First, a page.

They’re angry. They’re afraid. They’re upset that Donald Trump is going to be their next president.
But many of the protesters who took to the streets in cities across the country over the past week didn’t cast a ballot for the candidate who could have beaten him.
Instead of voting for Hillary Clinton, the Democratic nominee, dozens of protesters in cities from Philadelphia to Portland, Ore., said in interviews this week that they had cast ballots for Green Party candidate Jill Stein, wrote in Sen. Bernie Sanders or, in some cases, failed to vote at all. The NBC affiliate in Portland found that of more than 100 protesters arrested there last week, more than half did not vote in the state. (Clinton still won Oregon, along with most of the other states where the biggest protests have erupted.)
So rather than protesting Clinton’s loss, people have cited more varied reasons for joining the protests. In addition to voicing opposition to Trump, they say they are expressing anger with the entire political system and their desire to force dramatic change on a host of social and economic fronts.
“The protesting Trump has to do with the emotion that we’re all feeling,” said Ashley Ember, 27, who said she wrote Sanders on her ballot in Philadelphia. If Clinton had won, Ember said, she would have protested that, too.
A roiling movement across the country
Since Election Day, thousands of people have taken to the streets nationwide. Demonstrations surged in the days after Trump’s election, though they seem now to be ebbing. Police say the demonstrations have been largely peaceful, though there have been outbursts of violence in Portland, Oakland and Indianapolis.
The protesters have earned the ire of Trump and his surrogates, who have insulted them on television and social media, calling them paid professionals “incited by the media,” jobless “crybabies,” people with mental disorders and “goons.”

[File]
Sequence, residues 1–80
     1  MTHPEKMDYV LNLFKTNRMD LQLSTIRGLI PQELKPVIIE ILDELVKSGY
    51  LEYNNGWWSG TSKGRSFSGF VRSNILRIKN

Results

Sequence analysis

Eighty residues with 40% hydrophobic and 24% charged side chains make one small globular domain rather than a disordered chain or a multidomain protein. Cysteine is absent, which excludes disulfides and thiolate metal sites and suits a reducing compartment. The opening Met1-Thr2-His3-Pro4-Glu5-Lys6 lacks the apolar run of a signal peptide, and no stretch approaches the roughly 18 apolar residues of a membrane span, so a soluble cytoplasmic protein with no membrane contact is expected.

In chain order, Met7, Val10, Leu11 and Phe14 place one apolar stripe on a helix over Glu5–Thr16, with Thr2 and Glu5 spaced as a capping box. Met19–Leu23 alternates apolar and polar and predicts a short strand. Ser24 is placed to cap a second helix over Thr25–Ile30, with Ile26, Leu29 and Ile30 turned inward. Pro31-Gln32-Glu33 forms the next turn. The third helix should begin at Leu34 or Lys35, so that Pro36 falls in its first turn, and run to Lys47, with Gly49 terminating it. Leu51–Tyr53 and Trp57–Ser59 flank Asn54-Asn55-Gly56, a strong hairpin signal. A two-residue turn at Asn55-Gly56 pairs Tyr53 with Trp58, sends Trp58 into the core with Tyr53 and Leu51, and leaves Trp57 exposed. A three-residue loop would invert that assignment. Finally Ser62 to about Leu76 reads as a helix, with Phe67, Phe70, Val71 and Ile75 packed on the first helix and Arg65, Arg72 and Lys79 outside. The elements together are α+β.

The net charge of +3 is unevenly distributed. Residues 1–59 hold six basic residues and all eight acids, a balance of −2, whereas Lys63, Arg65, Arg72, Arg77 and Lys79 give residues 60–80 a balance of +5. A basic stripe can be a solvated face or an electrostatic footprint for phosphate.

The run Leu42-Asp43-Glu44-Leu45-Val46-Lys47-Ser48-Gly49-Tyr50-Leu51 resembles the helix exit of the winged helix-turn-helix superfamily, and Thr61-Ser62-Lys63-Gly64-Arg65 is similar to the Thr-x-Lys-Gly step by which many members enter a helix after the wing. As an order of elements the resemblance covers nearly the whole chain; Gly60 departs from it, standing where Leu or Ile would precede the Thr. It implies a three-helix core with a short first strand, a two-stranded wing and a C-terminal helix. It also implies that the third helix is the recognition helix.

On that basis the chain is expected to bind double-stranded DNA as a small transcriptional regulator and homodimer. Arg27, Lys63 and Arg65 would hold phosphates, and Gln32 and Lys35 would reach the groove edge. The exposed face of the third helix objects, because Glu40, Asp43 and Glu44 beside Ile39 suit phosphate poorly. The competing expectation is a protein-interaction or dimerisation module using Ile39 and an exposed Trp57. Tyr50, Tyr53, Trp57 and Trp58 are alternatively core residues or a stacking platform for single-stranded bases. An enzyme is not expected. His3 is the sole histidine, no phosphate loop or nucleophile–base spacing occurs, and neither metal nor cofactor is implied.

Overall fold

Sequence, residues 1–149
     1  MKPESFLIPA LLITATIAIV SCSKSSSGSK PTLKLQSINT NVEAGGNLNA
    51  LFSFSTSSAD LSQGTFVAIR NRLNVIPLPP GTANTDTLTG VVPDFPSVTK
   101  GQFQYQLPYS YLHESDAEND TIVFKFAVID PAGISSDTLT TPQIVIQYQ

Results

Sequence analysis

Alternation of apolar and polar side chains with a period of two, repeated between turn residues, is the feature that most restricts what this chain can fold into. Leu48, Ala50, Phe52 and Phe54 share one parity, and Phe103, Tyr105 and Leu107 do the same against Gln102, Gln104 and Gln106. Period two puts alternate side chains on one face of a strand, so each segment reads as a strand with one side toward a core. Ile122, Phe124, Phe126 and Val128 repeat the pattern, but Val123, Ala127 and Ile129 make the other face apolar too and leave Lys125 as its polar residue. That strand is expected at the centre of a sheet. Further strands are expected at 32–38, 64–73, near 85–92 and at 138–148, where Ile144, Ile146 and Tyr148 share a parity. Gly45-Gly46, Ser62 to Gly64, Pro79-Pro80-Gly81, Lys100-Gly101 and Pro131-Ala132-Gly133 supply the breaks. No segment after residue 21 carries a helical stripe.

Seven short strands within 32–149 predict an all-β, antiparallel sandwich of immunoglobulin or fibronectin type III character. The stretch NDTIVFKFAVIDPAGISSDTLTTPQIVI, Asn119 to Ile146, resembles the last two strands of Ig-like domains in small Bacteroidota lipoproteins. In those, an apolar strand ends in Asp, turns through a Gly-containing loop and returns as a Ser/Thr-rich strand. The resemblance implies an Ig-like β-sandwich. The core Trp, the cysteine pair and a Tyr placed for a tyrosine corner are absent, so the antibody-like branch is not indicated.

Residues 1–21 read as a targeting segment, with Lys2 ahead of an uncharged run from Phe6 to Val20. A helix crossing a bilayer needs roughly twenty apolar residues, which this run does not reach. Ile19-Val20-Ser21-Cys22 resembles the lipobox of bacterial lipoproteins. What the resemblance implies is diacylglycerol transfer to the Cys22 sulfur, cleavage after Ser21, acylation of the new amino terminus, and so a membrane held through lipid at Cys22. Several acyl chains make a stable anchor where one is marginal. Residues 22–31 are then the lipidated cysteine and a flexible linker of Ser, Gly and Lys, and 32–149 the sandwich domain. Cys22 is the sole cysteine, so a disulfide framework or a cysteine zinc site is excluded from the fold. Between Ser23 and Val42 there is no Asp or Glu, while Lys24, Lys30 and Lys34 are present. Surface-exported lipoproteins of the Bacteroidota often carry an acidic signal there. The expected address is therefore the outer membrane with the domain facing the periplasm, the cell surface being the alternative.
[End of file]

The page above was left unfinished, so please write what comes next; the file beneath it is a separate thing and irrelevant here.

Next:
But a week after Trump’s unexpected victory, protests that appeared at first as a denunciation of the president-elect have largely given way to more diffuse expressions of frustration among America’s left.
A new group calling itself Portland’s Resistance published 22 demands ranging from “clean air and water” and “safe streets” to halting the construction of a local Nestlé factory. In Philadelphia, a group called the Socialist Alternative convened more than 100 people for a Monday night meeting on the perils of capitalism and climate change. And in Atlanta and several other cities, anti-Trump marches shifted gears this week into protests focused on the Dakota Access oil pipeline.
“People are there for all different reasons —[there are] signs saying, ‘Not my president,’ but also ‘Viva La Raza,’ ‘Black Lives Matter,’ hella queer folks,” said Debbie Southorn, a Chicago activist who joined an anti-Trump protest on a whim and wouldn’t say who she voted for.
“It’s really encouraging,” said Southorn, 27. “Like, Whoa, we all see each other right now. We see our different struggles are linked up and connected.”
Most of the protesters interviewed were in their 20s and appeared to gravitate toward far left politics. In Portland, roughly half of those arrested were 25 or younger. Here are some of their stories:
Gary Thomas, 24, Philadelphia
Gary Thomas recently lost his job as a janitor in Philadelphia. On Election Day, he said he cast his vote for Stein, though the Green Party candidate was polling in the single digits and was given little chance of victory.
Thomas, who is gay and African American, said he could not bring himself to vote for Clinton. “She didn’t represent me as a person,” he said. “She didn’t connect with me. Bernie Sanders did. I felt like he was speaking from his heart, and for the first time, I felt connected to politics.”
The day after Trump’s victory, Thomas took to the streets with a sign reading, “F— Trump.” And on Monday night, he listened as Philadelphia area socialists talked about the need for a vibrant American third party, and an upcoming march to demand a higher minimum wage.
Lamon Reccord, 17, Chicago
Lamon Reccord was too young to vote in this year’s election, but that didn’t stop him from protesting.
Reccord, who is black and grew up on Chicago’s South Side, has been involved in voter registration drives and political activism since he was in middle school. If he could have voted, he said he probably would have chosen Stein, who he said he’s “more sold on.” But Reccord said he would still rather see Clinton in office than Trump, a man who, Reccord said, “promotes racism.”
Last Friday, Reccord rallied his friends on Facebook, calling on them to meet outside Chicago’s Trump Tower. He did the same on Monday.
“The end goal is to get Donald Trump out of office. To make sure he officially doesn’t become the president of the United States of America,” Reccord said. “We do not need a president who promotes racism, who inappropriately touches women. And trying to send 3 million illegal immigrants back home, I also consider racist.”
Reccord said he expects Trump to push forward with the radical policy shifts he promised on the campaign trail. “Trump unleashing more racism will impact me as an activist and an organizer, but it is only going to make me more motivated to fight,” he said.